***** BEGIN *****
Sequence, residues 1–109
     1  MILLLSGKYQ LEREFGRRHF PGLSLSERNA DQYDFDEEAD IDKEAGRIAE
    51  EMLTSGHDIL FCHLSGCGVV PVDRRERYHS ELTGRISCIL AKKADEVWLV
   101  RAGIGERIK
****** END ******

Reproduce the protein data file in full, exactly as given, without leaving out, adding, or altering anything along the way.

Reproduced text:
Sequence, residues 1–109
     1  MILLLSGKYQ LEREFGRRHF PGLSLSERNA DQYDFDEEAD IDKEAGRIAE
    51  EMLTSGHDIL FCHLSGCGVV PVDRRERYHS ELTGRISCIL AKKADEVWLV
   101  RAGIGERIK